A 350 mL bed of strong acid cation exchange resin was positioned downstream from the stripping columns. Incomplete oxidation of cobalt in the feed to this bed could be detected by the appearance of cobalt in the outlet of the ion exchange bed. Samples of the aqueous intermediate feed to the stripper and outlet samples from the ion exchange bed were analyzed for cobalt by the calorimetric method described above. The ion exchange bed was packed with fresh resin prior to the experiments, to insure that cobalt breakthrough from the bed could not be attributed to resin fouling by ethylene oxide.

Results are shown in Table 1. Column C describes the number of trays of the glass column loaded with liquid during the test, or the height of the packed column in inches, for runs conducted in the packed column. Increasing the height of the packed zone, or increasing the number of trays wetted by liquid, increased the area available for contact between liquid and gas phases and increased the time of contact between gas and liquid phases.

Column D notes if free acid was present. A small amount of organic acid is a byproduct of EO hydroformylation. This acid corresponds to at least a 10-fold molar excess relative to the cobalt present, or a 5-fold excess relative to the amount of acid required to oxidize cobalt to Co(OAc)2. If the hydroformylation solvent mixture is recirculated at reaction temperature without EO addition, no acid is formed. A larger fraction of cobalt is extracted into the aqueous stream in the absence of acid. This case corresponds to a notation of "no" acid in column D. Column E shows the diluent gas blended with air to provide stripping capability and to maintain operation outside the flammability window. In most cases nitrogen was used, although Run 19 was conducted with carbon dioxide. Column F gives the total flowrate of the blended stripping gas, in standard cubic feed per hour, while column G gives the mole % oxygen in the blended stripping gas. Column H multiplies these to describe the SCFH flow of oxygen itself. Column I shows the cobalt (ppm) exiting the ion exchange bed. This is the unoxidized cobalt which was not removed by ion exchange. Column J shows the starting amount of cobalt in the aqueous intermediate prior to treatment by oxidation and ion exchange. Column K shows the molar ratio of oxygen to cobalt in the oxidizing stripper. In all cases, an excess of oxygen was supplied.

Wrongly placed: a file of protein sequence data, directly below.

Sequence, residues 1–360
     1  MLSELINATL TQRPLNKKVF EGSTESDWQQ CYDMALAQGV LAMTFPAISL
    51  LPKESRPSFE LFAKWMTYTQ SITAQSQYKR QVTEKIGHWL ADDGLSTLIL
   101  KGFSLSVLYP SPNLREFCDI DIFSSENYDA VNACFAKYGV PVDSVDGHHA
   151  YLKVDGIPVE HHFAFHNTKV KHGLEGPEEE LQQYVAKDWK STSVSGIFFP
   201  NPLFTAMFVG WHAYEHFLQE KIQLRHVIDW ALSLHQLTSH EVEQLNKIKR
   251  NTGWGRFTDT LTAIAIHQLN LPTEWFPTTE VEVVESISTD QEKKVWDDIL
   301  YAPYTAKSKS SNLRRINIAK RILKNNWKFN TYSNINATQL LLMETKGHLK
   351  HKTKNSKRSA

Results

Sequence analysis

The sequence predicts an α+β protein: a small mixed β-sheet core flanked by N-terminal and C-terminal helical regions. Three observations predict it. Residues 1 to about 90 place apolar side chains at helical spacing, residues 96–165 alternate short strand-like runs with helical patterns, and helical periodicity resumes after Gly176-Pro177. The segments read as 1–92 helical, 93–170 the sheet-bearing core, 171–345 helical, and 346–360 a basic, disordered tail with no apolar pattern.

Run 19 in Table 1 illustrates that, in the absence of stripping and oxidation, very little cobalt is removed by subsequent ion exchange. In Run 20, essentially all the cobalt was removed after stripping and oxidizing the aqueous intermediate in the same column under the described conditions. Runs 9 through 11 show the effect of stripping gas flowrate at fixed oxygen mole percent, for the glass trayed column. Cobalt removal increased as stripping intensity increased. A similar result was observed in the absence of acid for Runs 15-17. Runs 12 and 13 show the effect of mol % oxygen on oxidation efficiency: the ability to oxidize cobalt increases as the concentration (partial pressure) of oxygen in the stripping gas is increased. Comparison of Runs 11 and 14 shows that as the number of trays ("stages") is reduced, oxidation of cobalt is less complete. A similar conclusion is obtained by comparing Runs 20 and 21 in the 24-inch packed column with performance of the 6-inch column in Runs 22-24. In the smaller column, cobalt was incompletely oxidized despite increased oxygen concentrations relative to similar runs in the taller 24-inch packed column.

Runs 12 and 15 show the effect of acid. In the presence of acid, oxidation was complete under conditions where (Run 15) cobalt oxidation was incomplete in the absence of acid, despite a higher oxygen concentration.

Cobalt solids were deposited in the absence of hydroformylation by-product acid. In Run 18, CO2 was used a diluent gas, producing carbonic acid upon absorption into the aqueous intermediate phase. Although this did not appear to increase the extent of oxidation, solids formation was avoided. Addition of CO2 to the glass column was observed to solubilize cobalt deposits formed during operation in the absence of acid with N2 as diluent.

The results summarized in Table 1 suggest that both stripping and oxidation of a cobalt-containing aqueous stream are required to convert the cobalt into a form removable over an ion exchange bed.